Wednesday, July 27, 2011

Decluttering by Repurposing or Use What You Have

In the last few months, I have become the proud owner of George, a Hansencrafts Minispinner in beautiful cherry wood.  George also has cherry WooLee Winder bobbins and a cherry Ogle Lazy Kate.  George’s wood is absolutely beautiful, and his design is functional, but he is not a decorative object in the same way that Matilda the Ashford Traveller is.  Furthermore, I am somewhat more protective of George in that he has moving parts that would not be so easily replaced if someone abused him. (One of the beauties of an Ashford is that you can find parts readily or use fishing line, bead lacing, cup hooks and springs from the hardware store.)  George came with an attractive tote bag, but I’m a real klutz, and the person that I trust least around an unprotected George is me!  Therefore, I’ve been looking for a suitable home or suit of armor or something for him.  The most popular choice among minispinner owners, particularly those who travel and take their spinners along or who go every week to a spinning group, is the Zuca bag.  Zuca bags are the wheelie bags that you see the Olympic ice skaters pulling or pushing as they arrive at the rink.  Beautiful bright colors, sturdy frames that double as a table or a seat, and, if you pick the right models, flashy wheels.  The bags and frames are sold separately, so you can mix and match fashion choices.  They are also supposed to fly well.  That’s in a plane, and I’ve wondered if part of that is because the crew thinks they’re flying part of the Olympic Team.  (However, if they got a look at most spinners, they probably wouldn’t think so.)  Zucas are also pricey.

My need was for something sturdy to store my minispinner and accessories and very occasionally take him somewhere for a visit.  A Ravelry entry to the Minispinner group sparked my memory.  One spinner had purchased a portable file box for hers.  I remembered that I had, in my own garage, sitting there taking up floor space, TWO portable file boxes with outdated files I brought home from school when I retired.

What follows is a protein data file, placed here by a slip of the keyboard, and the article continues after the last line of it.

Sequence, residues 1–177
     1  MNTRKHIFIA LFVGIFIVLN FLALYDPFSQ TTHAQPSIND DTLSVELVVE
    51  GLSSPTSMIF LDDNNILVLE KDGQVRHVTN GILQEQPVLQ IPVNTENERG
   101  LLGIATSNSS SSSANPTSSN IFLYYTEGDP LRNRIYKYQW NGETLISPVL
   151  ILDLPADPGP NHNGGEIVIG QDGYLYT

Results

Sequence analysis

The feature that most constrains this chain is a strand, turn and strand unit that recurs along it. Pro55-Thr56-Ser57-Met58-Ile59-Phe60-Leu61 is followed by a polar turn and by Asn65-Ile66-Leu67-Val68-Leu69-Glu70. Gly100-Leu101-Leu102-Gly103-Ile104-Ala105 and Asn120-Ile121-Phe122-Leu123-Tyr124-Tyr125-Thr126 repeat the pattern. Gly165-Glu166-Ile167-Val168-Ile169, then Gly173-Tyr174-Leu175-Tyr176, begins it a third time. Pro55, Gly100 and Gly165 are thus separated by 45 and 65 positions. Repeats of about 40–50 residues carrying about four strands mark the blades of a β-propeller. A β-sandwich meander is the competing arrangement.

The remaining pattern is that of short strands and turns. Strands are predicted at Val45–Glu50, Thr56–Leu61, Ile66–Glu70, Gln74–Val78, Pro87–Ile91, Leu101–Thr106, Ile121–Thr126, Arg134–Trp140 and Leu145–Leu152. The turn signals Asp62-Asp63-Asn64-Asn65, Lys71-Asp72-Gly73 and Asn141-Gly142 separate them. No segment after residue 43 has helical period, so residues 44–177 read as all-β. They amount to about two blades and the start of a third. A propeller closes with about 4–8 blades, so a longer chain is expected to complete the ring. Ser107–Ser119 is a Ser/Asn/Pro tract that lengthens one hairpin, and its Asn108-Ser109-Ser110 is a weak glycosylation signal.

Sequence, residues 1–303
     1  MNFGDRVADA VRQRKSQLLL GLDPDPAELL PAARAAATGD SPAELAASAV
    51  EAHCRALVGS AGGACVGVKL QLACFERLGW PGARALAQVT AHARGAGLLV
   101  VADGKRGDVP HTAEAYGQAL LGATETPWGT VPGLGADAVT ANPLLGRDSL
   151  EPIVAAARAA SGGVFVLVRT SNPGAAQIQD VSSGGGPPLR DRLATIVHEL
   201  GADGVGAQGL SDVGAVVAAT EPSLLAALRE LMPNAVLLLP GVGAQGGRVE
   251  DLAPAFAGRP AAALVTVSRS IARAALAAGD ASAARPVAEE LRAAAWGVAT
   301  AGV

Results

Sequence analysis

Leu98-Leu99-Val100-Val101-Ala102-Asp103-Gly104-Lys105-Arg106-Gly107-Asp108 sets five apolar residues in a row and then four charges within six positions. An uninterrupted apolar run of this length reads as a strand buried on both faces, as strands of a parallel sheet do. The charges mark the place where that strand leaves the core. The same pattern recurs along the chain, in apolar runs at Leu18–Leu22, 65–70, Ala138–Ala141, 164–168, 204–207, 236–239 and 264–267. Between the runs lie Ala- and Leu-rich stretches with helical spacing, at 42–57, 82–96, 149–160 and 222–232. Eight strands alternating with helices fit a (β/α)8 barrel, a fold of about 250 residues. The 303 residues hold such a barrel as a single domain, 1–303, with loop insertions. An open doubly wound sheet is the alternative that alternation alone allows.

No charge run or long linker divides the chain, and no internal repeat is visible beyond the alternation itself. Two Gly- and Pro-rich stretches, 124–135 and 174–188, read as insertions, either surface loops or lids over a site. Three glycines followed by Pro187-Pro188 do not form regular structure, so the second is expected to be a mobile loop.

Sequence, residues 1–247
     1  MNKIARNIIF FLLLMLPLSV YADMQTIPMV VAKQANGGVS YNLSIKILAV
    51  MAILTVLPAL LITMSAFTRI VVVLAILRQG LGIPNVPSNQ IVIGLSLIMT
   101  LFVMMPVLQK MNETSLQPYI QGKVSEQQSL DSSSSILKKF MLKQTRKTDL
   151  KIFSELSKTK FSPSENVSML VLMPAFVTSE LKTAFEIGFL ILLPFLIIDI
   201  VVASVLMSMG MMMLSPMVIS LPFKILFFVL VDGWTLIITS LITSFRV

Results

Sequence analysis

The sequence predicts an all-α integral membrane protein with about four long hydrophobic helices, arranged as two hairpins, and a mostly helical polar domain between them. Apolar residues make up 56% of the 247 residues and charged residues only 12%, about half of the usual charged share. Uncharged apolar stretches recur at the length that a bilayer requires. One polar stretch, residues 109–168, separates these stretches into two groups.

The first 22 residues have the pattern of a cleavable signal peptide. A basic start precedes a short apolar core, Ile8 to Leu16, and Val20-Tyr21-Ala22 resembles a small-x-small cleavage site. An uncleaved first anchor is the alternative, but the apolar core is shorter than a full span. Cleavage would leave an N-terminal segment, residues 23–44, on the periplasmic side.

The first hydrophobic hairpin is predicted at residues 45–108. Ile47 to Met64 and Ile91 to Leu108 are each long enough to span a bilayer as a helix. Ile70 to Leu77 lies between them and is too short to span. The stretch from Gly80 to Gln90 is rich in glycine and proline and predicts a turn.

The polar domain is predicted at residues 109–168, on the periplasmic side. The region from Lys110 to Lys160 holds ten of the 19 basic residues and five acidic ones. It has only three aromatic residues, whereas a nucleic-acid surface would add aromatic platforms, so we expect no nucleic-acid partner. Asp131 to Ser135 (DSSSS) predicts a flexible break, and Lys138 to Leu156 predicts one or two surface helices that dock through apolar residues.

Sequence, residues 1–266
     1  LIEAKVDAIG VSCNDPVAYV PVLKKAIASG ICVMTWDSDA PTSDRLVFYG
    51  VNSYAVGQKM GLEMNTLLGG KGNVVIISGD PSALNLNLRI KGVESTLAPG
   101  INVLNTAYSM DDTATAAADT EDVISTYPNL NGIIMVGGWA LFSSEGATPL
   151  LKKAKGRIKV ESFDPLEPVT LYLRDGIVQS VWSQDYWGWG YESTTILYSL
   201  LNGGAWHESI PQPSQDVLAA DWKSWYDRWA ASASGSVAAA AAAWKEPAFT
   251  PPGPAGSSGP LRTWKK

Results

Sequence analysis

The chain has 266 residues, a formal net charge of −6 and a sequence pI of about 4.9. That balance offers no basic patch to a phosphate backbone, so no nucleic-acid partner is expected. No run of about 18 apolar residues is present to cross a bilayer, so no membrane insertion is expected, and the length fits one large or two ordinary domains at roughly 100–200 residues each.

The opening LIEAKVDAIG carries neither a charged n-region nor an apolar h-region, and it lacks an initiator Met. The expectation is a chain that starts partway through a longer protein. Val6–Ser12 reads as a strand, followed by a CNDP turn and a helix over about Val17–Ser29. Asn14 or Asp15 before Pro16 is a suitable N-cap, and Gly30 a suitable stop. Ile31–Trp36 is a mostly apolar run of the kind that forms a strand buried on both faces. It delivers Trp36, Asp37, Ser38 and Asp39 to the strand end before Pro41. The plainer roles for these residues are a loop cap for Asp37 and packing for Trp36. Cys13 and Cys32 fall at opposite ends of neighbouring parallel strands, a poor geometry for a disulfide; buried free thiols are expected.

This morning, I loaded them into the back of the SUV, drove around to the dumpster, and emptied them.  Then I washed off the cobwebs.  One of the boxes is going to be home to George himself.  I used some open? celled foam packing from another box to make a domed end protector for his switches.  Another strip holds that one in place and will protect his tension knob.

If I were going to carry him many places, I would want protection all around him, but I can also do that with fiber.

Here is George’s home, partially loaded:

That is George, his foot control, his power source, his orifice threader, and his papers, with their attached allen wrenches.  There is also room for one more bobbin and some fiber, and a tiny spinning toolkit.  (I have the box, but I haven’t loaded it up yet.)  My Ogle Lazy Kate would also fit, but there’s not much point in having it in there unless I put in a third bobbin. I do have that flexibility also.

The second file box will hold the Kate, extra bobbins, the car power source.  I do not as yet have a battery for George.  When I get one, I can put it wherever it is needed.

Before you mention that I do not have wheels, I do have one of those wheeled file carts from Office Depot.  This box will sit in that one, so I can pull it along with me when I need to.  In a pinch, the spinner could sit on top of this box just like on a Zuca.  I, however, cannot use this box as a seat, and I’m afraid that I have not worked out a system to replace the flashing wheels, darn it!  However, I’ve spent $0.00, and I decluttered two things—useless file space in the garage and scattered fiber equipment parts in the house.  I think that’s a win!  (Don’t count two more wet skeins of yarn hanging on the oven door!)